This might come as a surprise, but I travel by bus to work. It makes my journey longer but the positives far outweigh the negatives; great for people watching, always a seat available (although not when there’s a tube strike) but most importantly, a view of any new restaurant openings and Babaji was one of them.
Located in the heart of central London on Shaftesbury Avenue, I witnessed the restaurant slowly put together before finally opening and then one day realising it had closed again (apparently due to a fire). When it reopened I fancied something a little more casual and decided to take my parents since it was just around the corner from the theatre.
The downstairs interior is dominated by a large wood-fired oven which is where the pide is assembled at an incredibly fast pace and then cooked.
We ordered a few starters between us including olives, halloumi and chargrilled roasted red pepper but also decided to try something slightly different, Hamsi.
The side dishes were satisfactory with nothing exceeding expectations but the Hamsi was disappointing. Although on the exterior an even golden crumb the first bite squirted a watery mess, tasting of nothing in particular.
Perhaps from all the bland dishes we ate, the pide was the most exciting although that isn’t a compliment by any means. With the other dishes aside, there was certainly plenty of cheese on the pide but a distinct lack of scattered chilli, with Babaji seeming to think plonking a full chilli would be acceptable.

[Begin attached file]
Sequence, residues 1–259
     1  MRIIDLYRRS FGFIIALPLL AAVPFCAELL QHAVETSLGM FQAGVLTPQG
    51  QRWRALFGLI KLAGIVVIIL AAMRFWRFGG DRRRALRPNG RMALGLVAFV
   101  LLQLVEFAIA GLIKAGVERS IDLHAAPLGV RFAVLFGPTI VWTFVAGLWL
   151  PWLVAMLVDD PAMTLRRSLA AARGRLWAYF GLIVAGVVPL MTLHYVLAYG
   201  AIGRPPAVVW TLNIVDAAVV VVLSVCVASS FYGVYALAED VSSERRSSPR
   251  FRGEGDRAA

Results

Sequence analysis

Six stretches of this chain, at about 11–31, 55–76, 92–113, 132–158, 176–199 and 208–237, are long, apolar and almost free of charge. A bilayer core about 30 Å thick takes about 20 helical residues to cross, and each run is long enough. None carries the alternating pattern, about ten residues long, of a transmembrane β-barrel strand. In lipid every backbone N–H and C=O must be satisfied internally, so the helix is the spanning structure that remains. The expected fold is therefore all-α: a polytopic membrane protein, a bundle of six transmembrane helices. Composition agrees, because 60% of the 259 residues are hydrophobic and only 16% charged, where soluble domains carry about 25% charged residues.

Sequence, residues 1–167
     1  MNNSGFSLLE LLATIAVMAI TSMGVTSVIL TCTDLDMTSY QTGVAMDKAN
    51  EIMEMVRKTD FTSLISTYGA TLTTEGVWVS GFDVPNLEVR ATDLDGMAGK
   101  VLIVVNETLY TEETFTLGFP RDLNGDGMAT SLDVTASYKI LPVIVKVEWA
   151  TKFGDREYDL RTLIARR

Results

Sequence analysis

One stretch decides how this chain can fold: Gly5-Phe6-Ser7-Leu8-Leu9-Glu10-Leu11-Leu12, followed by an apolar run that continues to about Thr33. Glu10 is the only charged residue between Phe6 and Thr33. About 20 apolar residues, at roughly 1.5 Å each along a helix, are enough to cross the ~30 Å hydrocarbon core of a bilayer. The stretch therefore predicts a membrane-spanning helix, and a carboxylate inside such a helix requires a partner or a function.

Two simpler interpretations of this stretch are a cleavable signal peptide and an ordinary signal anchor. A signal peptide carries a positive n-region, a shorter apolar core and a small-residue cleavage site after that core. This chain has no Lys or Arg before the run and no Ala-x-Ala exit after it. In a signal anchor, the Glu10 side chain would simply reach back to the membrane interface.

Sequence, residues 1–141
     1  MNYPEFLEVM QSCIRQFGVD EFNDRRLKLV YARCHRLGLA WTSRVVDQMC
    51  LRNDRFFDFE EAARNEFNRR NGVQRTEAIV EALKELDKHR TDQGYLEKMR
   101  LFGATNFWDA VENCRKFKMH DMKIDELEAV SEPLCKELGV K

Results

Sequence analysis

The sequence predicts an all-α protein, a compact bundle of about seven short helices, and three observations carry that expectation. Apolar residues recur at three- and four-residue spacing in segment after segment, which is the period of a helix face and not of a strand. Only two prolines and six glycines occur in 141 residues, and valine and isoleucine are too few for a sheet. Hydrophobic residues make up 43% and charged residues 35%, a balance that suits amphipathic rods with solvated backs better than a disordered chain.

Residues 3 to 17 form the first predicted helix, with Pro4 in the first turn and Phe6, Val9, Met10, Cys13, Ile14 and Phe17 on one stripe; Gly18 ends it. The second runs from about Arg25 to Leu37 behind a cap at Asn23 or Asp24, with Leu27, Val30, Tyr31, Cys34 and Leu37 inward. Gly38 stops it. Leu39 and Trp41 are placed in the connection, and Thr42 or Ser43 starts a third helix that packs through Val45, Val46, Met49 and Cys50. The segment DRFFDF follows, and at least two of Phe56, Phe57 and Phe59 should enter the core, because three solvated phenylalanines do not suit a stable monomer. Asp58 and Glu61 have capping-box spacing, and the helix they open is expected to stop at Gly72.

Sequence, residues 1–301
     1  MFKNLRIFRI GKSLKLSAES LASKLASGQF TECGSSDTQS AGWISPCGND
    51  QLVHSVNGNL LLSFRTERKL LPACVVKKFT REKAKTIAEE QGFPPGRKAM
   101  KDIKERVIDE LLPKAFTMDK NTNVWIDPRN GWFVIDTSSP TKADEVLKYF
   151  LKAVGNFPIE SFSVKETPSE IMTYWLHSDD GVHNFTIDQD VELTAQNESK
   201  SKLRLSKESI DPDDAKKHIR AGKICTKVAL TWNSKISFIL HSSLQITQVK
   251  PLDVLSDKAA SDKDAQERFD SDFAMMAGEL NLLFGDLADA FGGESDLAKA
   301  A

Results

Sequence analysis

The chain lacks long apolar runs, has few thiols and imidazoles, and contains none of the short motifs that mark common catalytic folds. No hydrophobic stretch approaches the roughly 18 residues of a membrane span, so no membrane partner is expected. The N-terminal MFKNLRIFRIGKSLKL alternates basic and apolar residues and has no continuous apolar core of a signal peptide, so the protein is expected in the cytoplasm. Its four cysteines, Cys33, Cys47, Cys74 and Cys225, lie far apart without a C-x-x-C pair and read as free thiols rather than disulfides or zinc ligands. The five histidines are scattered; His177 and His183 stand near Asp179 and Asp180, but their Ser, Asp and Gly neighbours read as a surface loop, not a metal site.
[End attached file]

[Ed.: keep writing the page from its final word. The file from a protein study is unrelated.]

I wasn’t sold on the boat shape either, which had different amounts of filling depending on the slice. I’ll stick to pizza.
Topkapi chicken was described as ‘roast chicken stuffed with spiced currant and pilau rice’. Although the chicken had a nice crispy skin, there wasn’t a hint of sweetness and the meat was dry. It just lacked flavour.
The most satisfying dish of the evening was the baklava but this was probably not made in-house, I could be wrong but I highly doubt it. For two small morsels the dish was priced at £6 and isn’t worth the hefty price tag no matter how much you’re craving the pastry.
There’s nothing exciting about Babaji and instead expect uninspiring, bland food. On the cusp of Soho, I can’t see many Londoners returning and unfortunately the restaurant will heavily rely on its tourist location rather than its food.
– Babaji, Soho